Todd Pierce: I was stationed, and on duty, at Fort Snelling, MN with the 88th U.S. Army Reserve Command in Minneapolis, MN. The Command covered 6 Midwestern states. A fellow officer came into my office and told me that a plane had hit the WTC, and we thought, like everyone else, an accident, so I continued working until he came back in again and told me of the second plane hitting and we both knew then it was a terrorist act. I was the only JAG Officer in the Headquarters for most of the day as the senior JAG officer did not come in that day until about 3:30 pm, for some reason. Shortly after the second plane hit, a staff meeting was called where we discussed what had happened, and how to harden the many reserve centers in the command. Later in the day we knew we would be mobilizing soldiers for contingencies and preparations began to be made for that.

To me, there seemed to be a bit of hysteria taking hold of some of my fellow soldiers in their response as more details came in that day along with speculation on who was responsible. It was like being on the set of Fox News, which, unfortunately, was watched by far too many officers in their offices, guaranteeing an irrational, near-hysterical response from them. I thought if that was typical, there would be an over-reaction by the U.S. in many ways that would be detrimental to our interests. On the way home, I hit a traffic jam with the traffic backed up for about 5 miles. This turned out to be due to an elderly man standing on a highway overpass waving a flag frantically. I didn’t see that as unusual under the circumstances but he was out there the rest of the week backing up traffic so that I finally complained to him. After all, I was serving my country and appreciated getting home after some long days. But it was further evidence of the hysteria that had taken hold of too many people, and we saw how President Bush, Dick Cheney, and the neocons would exploit that in the succeeding years; all to the detriment of the United States as their “strategy” was the exact opposite of how to respond to terrorism.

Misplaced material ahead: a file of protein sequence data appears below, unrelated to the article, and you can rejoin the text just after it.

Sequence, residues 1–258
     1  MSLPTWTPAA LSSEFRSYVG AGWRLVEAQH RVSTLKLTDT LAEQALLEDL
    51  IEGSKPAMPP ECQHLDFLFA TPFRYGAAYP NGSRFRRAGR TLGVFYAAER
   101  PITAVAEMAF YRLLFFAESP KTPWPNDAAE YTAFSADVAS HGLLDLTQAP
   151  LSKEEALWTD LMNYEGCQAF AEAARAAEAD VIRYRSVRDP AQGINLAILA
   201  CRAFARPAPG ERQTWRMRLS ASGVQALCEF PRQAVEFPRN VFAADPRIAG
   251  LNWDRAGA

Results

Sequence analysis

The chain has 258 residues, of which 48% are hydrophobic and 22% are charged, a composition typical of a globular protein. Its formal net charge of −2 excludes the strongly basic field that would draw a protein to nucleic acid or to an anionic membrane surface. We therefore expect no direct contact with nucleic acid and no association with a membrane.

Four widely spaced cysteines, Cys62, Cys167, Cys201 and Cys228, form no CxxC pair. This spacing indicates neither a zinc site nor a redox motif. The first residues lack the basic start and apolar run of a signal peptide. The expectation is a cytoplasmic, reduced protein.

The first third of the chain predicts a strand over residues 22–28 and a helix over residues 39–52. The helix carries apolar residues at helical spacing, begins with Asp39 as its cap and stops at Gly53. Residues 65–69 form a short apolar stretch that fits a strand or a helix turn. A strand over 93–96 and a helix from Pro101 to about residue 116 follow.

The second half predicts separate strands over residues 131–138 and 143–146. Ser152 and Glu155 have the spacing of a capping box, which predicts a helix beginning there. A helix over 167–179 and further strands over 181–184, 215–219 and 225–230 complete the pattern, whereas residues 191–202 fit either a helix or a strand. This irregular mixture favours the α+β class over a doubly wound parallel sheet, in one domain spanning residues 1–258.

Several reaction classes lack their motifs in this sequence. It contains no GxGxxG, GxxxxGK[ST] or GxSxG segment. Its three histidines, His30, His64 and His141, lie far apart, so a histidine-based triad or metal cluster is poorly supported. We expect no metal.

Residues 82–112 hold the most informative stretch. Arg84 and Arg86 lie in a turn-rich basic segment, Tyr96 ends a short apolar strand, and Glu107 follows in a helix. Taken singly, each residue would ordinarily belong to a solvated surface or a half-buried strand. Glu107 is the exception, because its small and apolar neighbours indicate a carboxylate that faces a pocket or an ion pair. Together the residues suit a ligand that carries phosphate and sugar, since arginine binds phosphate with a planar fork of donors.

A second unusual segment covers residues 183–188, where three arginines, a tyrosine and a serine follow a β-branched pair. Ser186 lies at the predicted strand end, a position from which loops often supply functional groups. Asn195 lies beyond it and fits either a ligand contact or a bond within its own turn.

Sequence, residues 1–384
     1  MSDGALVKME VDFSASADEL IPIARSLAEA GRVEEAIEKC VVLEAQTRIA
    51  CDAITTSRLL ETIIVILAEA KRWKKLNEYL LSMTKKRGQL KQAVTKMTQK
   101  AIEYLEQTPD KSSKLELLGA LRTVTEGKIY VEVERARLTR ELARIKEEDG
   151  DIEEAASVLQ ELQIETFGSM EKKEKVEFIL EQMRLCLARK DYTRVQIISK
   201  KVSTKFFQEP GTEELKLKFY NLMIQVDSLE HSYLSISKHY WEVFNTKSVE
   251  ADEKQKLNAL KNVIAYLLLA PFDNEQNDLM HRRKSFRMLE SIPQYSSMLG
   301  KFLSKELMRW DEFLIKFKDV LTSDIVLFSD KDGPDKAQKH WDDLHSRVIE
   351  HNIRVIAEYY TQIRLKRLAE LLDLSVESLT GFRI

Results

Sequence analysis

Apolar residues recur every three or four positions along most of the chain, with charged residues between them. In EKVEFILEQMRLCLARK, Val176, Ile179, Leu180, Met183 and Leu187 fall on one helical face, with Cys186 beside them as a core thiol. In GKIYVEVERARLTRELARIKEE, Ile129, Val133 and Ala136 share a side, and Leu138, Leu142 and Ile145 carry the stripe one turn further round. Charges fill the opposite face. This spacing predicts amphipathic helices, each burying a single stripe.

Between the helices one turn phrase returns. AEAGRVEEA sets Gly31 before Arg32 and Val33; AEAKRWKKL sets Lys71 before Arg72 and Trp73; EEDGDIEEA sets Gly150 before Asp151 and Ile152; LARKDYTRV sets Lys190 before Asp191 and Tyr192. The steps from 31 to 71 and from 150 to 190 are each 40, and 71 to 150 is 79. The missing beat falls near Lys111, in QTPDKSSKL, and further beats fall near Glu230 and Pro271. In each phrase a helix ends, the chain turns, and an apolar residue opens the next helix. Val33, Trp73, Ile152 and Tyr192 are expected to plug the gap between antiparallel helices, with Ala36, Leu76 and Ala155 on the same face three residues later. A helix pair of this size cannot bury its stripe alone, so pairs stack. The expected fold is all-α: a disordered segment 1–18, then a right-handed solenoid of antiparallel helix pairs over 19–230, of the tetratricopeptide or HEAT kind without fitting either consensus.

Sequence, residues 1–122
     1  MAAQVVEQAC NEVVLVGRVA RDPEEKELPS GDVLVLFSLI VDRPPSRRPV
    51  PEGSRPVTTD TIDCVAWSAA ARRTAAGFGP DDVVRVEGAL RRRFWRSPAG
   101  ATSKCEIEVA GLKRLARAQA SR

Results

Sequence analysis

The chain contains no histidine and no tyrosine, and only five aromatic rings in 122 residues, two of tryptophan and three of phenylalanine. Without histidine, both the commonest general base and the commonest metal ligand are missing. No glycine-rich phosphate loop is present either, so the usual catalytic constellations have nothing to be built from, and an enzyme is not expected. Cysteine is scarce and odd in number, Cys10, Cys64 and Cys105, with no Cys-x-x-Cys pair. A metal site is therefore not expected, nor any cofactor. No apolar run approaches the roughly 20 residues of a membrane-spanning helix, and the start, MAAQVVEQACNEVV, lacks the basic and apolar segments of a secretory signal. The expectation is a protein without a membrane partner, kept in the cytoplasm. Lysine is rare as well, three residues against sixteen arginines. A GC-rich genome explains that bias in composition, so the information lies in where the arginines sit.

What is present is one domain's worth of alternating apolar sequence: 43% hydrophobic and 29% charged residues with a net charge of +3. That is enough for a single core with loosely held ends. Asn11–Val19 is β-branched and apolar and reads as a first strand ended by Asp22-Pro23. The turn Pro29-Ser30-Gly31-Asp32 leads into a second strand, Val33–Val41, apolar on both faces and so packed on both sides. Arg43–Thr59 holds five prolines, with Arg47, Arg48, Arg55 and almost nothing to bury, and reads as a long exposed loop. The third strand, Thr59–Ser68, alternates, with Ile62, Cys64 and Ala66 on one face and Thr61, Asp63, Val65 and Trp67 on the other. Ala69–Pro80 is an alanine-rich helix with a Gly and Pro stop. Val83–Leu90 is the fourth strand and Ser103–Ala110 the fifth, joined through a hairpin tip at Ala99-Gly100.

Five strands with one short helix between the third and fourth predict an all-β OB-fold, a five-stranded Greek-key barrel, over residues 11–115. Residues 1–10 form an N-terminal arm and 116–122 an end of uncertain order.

The Talking Dog:: As a JAG officer, you came to volunteer to defend those accused of violations of the law of war before the Guantanamo military commissions. If you can, what led you to volunteer for such service– was there anything particular in your own background that led you to do so? Please identify your clients, and their current whereabouts or dispositions (for example, we know that Mr. al-Bahlul’s address remains “Guantanamo Bay, Cuba, apparently serving life sentence”).